HIGHWAY WORK ZONE SAFETY
Construction Equipment Visibility
NIOSH Manual Method
In 2001 NIOSH began evaluating promising strategies to prevent workers from being struck by construction vehicles and equipment operating in roadway work zones. The evaluation methods required the use of equipment blind area diagrams, which were developed using two approaches. First, NIOSH contracted with Caterpillar, Inc. to use standard test methods (physical measurements and computer simulations) for creating blind area diagrams. Second, NIOSH staff developed a manual method for creating blind area diagrams in a relatively short period of time. Although none of the blind area diagrams shown in this web site were created using the NIOSH manual method, it is explained here as a low-tech alternative. The NIOSH manual procedure is more subjective than the ISO methods used by Caterpillar, Inc; however, the NIOSH procedure does not require specialized apparatus or software (e.g., measuring seat index point, mounting light filaments, computer design drawings) and it does not require a particular location (i.e., large, enclosed warehouse where light shadows can be projected on a grid). The NIOSH manual method can be used by construction companies, labor unions, and training organizations to better understand the blind areas around their own equipment.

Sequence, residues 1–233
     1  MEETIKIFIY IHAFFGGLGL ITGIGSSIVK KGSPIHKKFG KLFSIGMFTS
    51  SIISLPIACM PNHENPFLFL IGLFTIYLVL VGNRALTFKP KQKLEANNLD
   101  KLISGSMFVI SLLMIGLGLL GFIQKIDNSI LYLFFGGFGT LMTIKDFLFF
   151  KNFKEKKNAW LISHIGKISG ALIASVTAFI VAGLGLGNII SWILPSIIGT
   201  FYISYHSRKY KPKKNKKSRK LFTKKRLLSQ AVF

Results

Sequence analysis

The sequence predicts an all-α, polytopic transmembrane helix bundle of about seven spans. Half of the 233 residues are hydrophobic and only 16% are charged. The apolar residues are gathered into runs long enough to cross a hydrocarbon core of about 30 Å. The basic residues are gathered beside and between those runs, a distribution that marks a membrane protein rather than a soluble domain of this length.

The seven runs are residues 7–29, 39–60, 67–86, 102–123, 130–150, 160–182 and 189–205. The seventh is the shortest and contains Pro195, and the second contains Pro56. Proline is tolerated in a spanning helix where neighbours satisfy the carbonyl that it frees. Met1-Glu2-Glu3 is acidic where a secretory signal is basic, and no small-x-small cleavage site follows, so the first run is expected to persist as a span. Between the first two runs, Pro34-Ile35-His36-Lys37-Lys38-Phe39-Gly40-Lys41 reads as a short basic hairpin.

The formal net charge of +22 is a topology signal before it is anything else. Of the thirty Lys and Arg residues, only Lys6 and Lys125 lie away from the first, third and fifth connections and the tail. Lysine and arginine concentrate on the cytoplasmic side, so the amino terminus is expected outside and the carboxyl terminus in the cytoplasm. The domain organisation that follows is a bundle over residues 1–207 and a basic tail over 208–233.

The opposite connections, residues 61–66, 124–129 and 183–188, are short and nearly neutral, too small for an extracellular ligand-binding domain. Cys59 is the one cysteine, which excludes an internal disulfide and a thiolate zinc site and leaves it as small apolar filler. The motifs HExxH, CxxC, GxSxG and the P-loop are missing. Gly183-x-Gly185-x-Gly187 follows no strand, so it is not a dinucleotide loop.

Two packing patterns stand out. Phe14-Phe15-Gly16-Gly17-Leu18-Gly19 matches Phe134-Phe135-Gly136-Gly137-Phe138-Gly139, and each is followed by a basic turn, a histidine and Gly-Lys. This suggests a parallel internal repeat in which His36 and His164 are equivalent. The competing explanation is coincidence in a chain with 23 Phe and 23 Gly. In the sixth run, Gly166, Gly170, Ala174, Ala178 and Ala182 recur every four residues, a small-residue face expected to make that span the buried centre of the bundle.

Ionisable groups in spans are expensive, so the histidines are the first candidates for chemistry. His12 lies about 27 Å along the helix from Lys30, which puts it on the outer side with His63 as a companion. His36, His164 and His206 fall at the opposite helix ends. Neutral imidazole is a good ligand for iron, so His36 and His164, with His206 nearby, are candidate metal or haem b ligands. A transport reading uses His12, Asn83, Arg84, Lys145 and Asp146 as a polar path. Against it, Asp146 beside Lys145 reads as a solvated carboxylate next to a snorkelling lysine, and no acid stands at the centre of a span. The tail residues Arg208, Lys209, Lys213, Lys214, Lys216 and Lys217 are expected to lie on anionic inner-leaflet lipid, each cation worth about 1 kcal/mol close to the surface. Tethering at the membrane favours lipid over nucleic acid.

For the NIOSH manual method, blind areas are defined as those areas where the equipment operator, who is seated in the equipment cab, cannot see an object by direct line of sight or in mirrors. Three different objects are of interest: 1) the ground itself, 2) a road construction barrel, and 3) a worker. This procedure results in three blind area plots that define the visibility around these three objects of interest, represented respectively by the following heights: the ground, 900 mm above the ground, and 1500 mm above the ground.